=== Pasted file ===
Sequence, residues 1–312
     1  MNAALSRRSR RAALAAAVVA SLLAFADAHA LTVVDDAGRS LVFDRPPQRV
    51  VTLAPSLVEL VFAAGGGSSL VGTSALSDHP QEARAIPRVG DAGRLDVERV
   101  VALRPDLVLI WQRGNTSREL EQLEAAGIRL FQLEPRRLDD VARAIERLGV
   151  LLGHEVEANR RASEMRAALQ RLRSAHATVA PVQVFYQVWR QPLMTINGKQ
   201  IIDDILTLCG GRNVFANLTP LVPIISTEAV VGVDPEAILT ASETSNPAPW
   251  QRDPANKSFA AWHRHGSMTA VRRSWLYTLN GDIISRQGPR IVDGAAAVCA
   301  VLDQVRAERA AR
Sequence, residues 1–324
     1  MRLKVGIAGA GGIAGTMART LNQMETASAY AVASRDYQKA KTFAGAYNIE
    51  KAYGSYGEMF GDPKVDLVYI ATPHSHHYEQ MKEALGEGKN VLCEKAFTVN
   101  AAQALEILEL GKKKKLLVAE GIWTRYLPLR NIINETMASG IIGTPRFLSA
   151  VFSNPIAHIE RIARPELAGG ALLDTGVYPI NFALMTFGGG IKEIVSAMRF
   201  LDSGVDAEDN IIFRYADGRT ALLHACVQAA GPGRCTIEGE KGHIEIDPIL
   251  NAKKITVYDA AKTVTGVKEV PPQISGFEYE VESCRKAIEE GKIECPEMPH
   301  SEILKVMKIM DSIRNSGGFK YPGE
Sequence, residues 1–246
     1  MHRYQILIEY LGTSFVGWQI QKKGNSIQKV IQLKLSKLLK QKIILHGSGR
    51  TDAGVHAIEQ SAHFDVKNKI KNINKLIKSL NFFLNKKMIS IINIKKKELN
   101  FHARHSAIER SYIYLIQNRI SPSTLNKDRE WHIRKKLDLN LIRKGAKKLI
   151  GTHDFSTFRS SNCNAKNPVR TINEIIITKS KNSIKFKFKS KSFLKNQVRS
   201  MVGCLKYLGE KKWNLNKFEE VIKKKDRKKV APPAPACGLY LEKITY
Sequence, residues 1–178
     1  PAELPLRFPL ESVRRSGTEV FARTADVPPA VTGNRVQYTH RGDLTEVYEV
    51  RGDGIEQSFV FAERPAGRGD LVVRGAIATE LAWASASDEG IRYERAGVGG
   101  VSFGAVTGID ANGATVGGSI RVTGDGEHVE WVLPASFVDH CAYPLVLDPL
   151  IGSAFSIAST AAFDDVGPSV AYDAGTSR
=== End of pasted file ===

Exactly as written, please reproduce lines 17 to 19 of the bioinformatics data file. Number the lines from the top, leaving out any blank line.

Sequence, residues 1–246
     1  MHRYQILIEY LGTSFVGWQI QKKGNSIQKV IQLKLSKLLK QKIILHGSGR
    51  TDAGVHAIEQ SAHFDVKNKI KNINKLIKSL NFFLNKKMIS IINIKKKELN